In late 1939, the USAAC sought out a design that specifically called for unconventional designs. Curtiss-Wright’s entry for the proposal was the XP-55 Ascender – or “Ass-ender,” as some would call it.
It had a rear-mounted engine driving an ejectable pusher propeller. Meanwhile, the rear-mounted wings were swept-back and had vertical stabilizers. Finally, there was an elevator in the nose to control the pitch. Though the elevators might seem like canards, they technically aren’t since they have no fixed surface.
Originally, the XP-55 planned to field one 30-cal machine gun, two 50-cal machine guns, and a 37mm cannon mounted in the nose. Its top speed was supposed to be 507mph at 20,000ft, and it can reach that in five minutes. However, the aircraft could only fly for ninety minutes.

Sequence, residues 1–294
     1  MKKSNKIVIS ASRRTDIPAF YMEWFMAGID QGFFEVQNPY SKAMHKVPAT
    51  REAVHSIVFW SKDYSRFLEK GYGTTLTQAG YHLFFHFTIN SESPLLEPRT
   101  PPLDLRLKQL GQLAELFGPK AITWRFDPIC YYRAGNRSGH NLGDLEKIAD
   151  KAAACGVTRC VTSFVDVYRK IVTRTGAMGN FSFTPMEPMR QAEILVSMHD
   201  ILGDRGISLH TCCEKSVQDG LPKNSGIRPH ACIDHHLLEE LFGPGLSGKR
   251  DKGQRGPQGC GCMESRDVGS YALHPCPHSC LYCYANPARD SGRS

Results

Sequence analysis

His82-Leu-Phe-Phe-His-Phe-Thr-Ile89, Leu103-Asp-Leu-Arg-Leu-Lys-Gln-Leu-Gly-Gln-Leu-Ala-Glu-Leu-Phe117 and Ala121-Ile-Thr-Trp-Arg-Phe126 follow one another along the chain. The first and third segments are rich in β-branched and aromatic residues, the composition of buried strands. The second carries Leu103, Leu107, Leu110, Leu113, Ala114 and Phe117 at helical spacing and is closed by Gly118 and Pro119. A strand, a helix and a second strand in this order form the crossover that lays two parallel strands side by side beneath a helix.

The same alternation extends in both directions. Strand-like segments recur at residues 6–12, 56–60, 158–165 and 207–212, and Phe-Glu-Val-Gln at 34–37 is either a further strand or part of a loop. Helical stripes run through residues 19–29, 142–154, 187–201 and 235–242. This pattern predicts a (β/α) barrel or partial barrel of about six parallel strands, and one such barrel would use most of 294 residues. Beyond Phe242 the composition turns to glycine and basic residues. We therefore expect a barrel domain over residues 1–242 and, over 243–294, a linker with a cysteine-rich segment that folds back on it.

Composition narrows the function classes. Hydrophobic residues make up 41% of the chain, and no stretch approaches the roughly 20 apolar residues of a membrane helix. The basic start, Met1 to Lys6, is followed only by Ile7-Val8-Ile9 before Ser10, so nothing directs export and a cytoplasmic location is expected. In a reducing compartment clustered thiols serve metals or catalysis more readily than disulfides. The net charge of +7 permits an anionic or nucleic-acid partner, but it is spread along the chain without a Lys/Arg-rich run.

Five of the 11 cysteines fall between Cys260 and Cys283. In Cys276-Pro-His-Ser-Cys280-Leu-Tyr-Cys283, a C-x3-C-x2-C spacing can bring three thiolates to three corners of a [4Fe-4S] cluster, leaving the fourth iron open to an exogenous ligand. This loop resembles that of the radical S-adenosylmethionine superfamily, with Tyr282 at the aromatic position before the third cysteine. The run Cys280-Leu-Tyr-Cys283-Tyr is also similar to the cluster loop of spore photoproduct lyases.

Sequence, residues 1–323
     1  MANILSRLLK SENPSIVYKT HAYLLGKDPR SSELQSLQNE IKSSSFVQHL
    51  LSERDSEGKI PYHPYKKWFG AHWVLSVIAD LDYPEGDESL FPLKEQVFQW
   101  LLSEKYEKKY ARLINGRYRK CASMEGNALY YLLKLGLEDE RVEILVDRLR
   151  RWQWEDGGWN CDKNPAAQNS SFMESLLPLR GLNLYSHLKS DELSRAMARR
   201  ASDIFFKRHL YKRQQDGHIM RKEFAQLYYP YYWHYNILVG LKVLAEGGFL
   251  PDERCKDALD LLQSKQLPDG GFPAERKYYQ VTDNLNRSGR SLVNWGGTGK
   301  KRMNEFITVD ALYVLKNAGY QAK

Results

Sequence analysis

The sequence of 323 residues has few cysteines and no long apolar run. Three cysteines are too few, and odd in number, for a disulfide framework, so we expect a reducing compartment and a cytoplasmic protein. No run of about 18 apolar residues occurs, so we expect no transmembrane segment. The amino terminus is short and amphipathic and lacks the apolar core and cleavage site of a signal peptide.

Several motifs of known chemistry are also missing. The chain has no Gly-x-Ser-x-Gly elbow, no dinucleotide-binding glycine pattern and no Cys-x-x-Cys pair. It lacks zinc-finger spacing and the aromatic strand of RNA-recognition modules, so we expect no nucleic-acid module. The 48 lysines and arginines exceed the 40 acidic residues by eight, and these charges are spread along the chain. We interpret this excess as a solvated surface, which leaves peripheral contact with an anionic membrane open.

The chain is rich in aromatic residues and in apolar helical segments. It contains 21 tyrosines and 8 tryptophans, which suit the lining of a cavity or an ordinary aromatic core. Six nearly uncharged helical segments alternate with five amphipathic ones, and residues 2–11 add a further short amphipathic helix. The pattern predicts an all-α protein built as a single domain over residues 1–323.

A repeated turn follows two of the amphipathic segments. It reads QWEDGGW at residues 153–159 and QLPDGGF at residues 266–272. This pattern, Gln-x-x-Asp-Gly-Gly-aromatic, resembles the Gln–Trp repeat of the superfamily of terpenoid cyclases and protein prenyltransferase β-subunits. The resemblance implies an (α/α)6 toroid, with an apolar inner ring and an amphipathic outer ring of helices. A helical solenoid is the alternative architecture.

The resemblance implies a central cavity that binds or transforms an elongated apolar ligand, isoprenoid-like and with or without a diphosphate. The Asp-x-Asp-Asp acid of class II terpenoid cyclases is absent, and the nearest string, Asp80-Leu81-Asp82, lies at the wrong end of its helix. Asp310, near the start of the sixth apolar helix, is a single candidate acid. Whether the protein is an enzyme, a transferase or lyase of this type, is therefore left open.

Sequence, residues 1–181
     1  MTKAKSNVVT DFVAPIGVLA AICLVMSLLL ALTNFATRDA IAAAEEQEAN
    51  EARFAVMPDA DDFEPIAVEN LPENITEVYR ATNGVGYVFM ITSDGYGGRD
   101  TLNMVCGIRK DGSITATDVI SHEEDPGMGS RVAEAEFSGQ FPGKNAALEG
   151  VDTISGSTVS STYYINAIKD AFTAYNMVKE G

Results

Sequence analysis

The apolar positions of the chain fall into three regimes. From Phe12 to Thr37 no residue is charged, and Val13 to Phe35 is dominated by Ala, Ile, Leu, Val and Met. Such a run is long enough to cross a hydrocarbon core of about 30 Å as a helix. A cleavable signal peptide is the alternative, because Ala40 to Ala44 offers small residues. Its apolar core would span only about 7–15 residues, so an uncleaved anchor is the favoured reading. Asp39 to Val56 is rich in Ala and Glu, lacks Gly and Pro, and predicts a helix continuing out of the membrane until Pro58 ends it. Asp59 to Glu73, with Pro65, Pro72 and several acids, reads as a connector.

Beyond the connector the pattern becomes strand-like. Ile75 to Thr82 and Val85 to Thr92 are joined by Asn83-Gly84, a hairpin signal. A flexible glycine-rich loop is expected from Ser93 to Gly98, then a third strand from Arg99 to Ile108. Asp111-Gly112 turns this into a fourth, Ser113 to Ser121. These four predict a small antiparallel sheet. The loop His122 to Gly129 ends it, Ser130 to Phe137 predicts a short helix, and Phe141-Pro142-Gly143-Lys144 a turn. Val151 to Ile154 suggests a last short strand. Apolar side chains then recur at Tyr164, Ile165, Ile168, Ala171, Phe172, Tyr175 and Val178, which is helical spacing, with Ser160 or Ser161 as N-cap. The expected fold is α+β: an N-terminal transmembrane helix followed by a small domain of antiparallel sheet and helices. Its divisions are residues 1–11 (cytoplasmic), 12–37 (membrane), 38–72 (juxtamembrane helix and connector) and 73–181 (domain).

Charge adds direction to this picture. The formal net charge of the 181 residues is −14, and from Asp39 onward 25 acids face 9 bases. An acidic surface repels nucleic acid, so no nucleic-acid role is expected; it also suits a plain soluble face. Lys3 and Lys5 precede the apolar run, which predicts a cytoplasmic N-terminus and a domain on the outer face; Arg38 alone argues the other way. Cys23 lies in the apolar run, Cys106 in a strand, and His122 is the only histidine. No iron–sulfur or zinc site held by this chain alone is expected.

Further Changes To The Prototype
The Army ordered three prototypes under the designation of XP-55. During the development phase, they discovered that the aircraft’s Continental I-1430 did not live up to expectations. It was later swapped out for an Allison V-1710 engine which reduced its top speed to 419mph and its endurance to just an hour. Lastly, its armaments were changed to four 50-cal machine guns.
Exposed and Canceled
After subsequent flight tests, they found out that the Ascender could only reach 377mph. Moreover, the engine overheated constantly, and even the gun mounts failed during weapon trials. Shortly after the tests, further developments were terminated. The Army considered the aircraft to be unacceptable in almost all metrics.